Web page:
we need a ballot measure to take power away from developers. SD has no more water for any new development which is why they are forcing every1 to conserve by jacking rates sky high. That way they can keep developing. We need a ballot measure forcing developers to pay more for using water which effects all our rates. Now we subsidize all new development.

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historymatters Oct. 24, 2012 @ 5:53 p.m.

also pay attention to the state. they are recreating redevelopment using the term "sustainable communities". this time there is no blight requirement. So they will getting billions in subsidies as soon as Cap and Trade auctions begin. No one ever pays attention to the state and how developers are gaining power. they also keep destroying CEQA which we need to have reinstated and get rid of all the exemptions they have received.

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johndewey Oct. 24, 2012 @ 6:39 p.m.

historymatters: You are absolutely right. We are being forced to conserve so that they have more water to supply their new customers. Enough is enough. That land should be utilized as called for in the city's general plan.

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eastlaker Oct. 24, 2012 @ 7:50 p.m.

The Chula Vista City Plan seems to allow all sorts of alterations, and by the time the citizens know about it, we are told the deed is done...but, if it can be altered in one direction, why can't it be altered again, or returned to the previous plan?

Because that isn't what our civic leaders want?

When you take a look at the bigger picture, what do you see? The Olympic Training Center still has much room for growth, but there isn't corporate, governmental or Olympic support for that at this time.

The area near the Olympic Training Center that has recently been slated for housing, and was slated for commercial development is part of what larger scheme or plan? Just more housing? Why?

If we look down the road a bit--and I am speaking metaphorically--we can surmise that eventually there will be more development at the Olympic Training Center, if only because "they aren't making any more land". Can we plan something that would be a good fit?

The civic leaders are all up in arms because the strip joint at the Bay Front is not a good fit? Why aren't they as concerned about the fit here on the other end of town? Probably because the interests of the developers trump the interests of the common citizens.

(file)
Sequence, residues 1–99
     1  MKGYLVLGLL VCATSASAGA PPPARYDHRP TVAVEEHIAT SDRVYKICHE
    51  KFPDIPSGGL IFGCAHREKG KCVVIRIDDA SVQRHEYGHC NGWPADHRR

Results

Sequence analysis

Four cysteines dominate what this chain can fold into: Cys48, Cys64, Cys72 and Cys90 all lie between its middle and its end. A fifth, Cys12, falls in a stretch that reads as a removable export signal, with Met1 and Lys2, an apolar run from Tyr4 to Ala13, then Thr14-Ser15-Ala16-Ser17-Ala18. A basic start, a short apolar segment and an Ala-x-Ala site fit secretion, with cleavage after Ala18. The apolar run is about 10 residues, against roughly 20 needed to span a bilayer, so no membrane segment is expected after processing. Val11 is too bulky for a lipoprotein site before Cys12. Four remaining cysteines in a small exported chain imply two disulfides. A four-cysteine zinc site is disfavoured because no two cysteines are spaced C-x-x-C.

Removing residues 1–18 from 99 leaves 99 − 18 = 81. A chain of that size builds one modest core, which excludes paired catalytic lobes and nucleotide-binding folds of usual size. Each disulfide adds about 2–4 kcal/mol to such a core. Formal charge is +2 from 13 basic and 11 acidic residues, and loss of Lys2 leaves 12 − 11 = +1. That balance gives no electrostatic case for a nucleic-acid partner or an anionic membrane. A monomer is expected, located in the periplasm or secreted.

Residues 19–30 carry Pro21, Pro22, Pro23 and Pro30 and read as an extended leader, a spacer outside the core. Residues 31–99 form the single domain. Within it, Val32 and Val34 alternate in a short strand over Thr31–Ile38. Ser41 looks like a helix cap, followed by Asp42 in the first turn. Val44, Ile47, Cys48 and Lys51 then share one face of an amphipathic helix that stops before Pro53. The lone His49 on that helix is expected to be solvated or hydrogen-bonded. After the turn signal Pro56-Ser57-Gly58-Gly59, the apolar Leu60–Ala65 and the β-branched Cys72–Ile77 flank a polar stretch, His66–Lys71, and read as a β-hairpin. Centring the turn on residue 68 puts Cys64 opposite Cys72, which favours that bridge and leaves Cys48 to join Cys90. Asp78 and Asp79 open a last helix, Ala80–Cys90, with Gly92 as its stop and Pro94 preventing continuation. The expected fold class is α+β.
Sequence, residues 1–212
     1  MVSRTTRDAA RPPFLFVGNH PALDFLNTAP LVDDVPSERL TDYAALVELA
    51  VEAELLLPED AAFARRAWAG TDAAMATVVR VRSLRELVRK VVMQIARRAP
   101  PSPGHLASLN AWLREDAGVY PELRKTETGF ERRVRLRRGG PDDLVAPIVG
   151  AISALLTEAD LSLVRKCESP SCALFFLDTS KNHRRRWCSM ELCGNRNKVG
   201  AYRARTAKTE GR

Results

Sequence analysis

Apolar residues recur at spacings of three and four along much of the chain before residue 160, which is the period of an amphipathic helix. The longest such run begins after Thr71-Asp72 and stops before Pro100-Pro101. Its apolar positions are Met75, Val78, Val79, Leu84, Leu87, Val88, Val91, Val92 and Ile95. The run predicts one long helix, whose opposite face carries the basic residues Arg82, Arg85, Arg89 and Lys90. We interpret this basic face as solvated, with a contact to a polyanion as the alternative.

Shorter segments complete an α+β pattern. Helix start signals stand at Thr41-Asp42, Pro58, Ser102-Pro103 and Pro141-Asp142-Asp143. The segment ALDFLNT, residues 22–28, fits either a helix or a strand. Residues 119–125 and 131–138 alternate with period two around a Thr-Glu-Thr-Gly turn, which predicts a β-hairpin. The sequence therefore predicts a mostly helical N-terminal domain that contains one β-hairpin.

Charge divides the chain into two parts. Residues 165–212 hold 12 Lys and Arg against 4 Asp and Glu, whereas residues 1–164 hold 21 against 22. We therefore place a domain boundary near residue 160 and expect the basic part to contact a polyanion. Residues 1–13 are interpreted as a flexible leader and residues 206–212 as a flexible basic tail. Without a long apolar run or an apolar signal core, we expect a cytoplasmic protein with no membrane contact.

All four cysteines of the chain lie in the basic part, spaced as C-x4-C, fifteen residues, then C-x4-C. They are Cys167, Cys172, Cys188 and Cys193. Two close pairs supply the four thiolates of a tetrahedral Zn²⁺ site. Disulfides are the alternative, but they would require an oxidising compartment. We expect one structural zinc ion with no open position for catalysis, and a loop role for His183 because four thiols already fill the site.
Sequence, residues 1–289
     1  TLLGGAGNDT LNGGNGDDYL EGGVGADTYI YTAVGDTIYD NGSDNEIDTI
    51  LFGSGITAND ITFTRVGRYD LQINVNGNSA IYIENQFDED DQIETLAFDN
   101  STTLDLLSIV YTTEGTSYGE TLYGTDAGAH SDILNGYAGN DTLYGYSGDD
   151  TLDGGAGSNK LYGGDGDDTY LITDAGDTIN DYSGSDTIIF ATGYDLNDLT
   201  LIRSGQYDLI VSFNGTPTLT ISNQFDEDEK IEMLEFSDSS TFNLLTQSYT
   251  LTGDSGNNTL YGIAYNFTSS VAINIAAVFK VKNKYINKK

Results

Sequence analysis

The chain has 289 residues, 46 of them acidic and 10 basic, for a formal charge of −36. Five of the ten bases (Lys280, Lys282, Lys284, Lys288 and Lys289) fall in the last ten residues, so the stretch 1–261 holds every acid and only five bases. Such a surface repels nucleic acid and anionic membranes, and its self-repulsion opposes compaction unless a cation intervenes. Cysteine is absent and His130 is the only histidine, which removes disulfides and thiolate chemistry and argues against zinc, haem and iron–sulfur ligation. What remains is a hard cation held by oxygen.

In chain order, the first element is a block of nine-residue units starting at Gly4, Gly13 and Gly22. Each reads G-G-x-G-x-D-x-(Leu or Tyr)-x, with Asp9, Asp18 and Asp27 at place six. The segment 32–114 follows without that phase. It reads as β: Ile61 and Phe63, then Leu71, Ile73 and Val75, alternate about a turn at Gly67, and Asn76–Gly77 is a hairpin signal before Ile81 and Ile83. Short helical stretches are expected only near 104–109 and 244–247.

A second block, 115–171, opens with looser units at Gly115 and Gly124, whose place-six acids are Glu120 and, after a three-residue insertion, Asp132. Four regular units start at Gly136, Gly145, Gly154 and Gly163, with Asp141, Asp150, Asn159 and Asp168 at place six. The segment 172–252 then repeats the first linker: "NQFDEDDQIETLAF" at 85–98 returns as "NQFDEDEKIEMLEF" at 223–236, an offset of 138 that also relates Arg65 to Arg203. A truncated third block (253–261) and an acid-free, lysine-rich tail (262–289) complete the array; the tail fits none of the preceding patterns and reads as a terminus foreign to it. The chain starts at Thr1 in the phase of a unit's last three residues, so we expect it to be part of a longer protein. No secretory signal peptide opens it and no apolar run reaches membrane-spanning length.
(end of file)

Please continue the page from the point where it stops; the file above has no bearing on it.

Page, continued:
Should we all jump to the rescue of the civic leaders as they retroactively try to clean up the strip joint mess, even though they go against the majority of the citizens in this neighborhood on the matter of adding more housing units?

Why don't we plan something that is a good fit? Why isn't there a community group with direct input for this kind of thing already? Or if there is such a group, where are they?

A few weeks ago there was an article in the U-T regarding plans for a centralized rehab facility/clinic/exercise facility for all the returning vets, especially those with mobility and traumatic brain injury issues. Personally, I think that if such a facility would be built in the area of the Olympic Training Center, it could be a combination sports medicine/rehab center. Additionally, with the growth in the paralympics, it could be a terrific opportunity to help all those with injuries who are working to make their way to full strength and activity level.

There has also been some talk of a four year college or university. While that could be a good thing, I think we citizens again need more input. What if these higher density units are really slated for student housing? Is there enough honesty around here to really know who is planning what?

So, yes, we in Chula Vista want our land and resources put to the best usage--we don't want to be railroaded whether we live on the east side or the west side. Can we get anyone to listen?

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Bob_Hudson Oct. 25, 2012 @ 7:42 p.m.

"An environmentalist is someone who already owns a home with a view."

Lee Taylor, County Supervisotr 1976

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eastlaker Oct. 26, 2012 @ 9:22 a.m.

Another old saw: a cynic is one who knows the price of everything but the value of nothing.